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Using magnetic forces, I want to separate solids from liquids in a solution as a centrifuge would do. Is there a way to hit a volume of liquid and get it to separate liquids and solids with heavy pulses of magnetic waves?

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""with heavy pulses of magnetic waves"" Could You explain those waves? Such waves might earn You a Nobel Prize. –  Georg Oct 23 '11 at 11:05
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For magnetism to work for seperation, the primary thing needed is ht e magnetic properties be different for the constituents i.e either of them should be a combination of paramagnetic, diamagnetic or ferromagnetic material, which may vary in magnitude.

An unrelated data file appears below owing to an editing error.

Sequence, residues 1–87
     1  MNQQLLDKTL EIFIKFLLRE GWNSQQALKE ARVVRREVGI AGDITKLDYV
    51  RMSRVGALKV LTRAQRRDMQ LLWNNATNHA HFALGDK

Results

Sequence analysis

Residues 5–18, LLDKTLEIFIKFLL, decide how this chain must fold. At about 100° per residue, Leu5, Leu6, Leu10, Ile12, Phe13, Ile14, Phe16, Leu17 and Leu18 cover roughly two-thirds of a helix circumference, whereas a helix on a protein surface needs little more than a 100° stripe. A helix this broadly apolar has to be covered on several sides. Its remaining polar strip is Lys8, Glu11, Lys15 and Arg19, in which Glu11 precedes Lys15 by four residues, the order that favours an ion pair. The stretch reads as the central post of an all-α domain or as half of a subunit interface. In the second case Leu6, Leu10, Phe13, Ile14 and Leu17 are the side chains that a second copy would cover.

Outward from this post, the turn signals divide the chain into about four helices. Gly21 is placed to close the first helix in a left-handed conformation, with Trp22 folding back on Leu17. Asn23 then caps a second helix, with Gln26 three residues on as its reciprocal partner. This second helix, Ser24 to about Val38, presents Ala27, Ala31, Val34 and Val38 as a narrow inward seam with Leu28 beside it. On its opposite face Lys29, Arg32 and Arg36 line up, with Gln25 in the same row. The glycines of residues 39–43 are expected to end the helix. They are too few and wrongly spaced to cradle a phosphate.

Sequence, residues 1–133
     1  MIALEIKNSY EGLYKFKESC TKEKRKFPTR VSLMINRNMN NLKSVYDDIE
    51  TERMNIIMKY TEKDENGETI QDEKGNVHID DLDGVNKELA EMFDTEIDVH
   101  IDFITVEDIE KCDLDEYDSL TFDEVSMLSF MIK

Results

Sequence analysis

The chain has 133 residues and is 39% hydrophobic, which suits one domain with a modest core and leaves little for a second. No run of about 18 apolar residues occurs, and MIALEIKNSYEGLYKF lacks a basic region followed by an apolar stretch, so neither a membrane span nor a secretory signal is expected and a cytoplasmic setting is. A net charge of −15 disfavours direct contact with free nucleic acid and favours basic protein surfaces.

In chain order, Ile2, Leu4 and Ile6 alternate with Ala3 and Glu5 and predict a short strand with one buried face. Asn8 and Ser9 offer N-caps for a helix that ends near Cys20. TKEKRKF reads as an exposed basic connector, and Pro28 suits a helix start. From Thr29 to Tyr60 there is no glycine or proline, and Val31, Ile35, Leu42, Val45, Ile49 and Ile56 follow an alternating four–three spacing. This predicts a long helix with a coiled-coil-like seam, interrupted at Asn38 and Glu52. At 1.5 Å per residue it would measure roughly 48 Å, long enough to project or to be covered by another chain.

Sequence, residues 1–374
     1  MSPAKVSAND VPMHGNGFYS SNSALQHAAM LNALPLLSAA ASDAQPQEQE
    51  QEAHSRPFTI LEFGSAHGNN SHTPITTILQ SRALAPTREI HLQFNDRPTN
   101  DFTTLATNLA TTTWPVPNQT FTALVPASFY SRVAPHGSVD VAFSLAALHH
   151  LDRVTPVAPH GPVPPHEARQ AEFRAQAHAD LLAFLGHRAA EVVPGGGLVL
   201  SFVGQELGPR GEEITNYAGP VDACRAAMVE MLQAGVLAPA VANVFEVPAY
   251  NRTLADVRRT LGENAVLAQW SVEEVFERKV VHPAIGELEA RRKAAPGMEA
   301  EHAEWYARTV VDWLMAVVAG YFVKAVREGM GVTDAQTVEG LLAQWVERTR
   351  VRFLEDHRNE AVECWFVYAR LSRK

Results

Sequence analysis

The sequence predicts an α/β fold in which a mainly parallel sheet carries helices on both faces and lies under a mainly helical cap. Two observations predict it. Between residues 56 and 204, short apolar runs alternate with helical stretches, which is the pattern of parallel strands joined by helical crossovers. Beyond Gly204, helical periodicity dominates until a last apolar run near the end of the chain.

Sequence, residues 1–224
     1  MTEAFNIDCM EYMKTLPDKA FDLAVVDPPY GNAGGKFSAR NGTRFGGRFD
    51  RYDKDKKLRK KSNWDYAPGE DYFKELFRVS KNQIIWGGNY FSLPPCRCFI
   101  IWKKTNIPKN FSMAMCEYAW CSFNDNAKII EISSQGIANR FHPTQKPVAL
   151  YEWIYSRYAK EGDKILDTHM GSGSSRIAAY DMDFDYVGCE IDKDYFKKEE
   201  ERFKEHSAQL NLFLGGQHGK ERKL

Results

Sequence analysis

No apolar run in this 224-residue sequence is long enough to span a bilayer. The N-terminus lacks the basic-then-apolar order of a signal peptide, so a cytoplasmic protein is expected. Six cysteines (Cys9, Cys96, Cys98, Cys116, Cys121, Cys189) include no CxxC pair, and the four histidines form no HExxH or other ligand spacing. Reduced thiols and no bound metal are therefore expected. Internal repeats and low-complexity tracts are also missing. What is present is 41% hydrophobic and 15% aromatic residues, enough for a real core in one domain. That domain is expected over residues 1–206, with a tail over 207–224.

Now, paramagnetism and diamagnetism are awfully weak to work in commercial situation. A trivia: Human body is diamagnetic and can be magnetically levitated by enormous magnetic field, a frog has been levitated by using 5-6 T.

So, the only viable situation arises with ferromagnetic material, which is used presently as such for separation of iron ore.

So coming back to your problem, the liquid and solid you want to separate needs to be having different magnetic property and probably with sufficient string magnetic field, you can separate out them.

As a matter of fact, in centrifuge separation, the inertial mass is used for separation, which makes up the centrifugal force.

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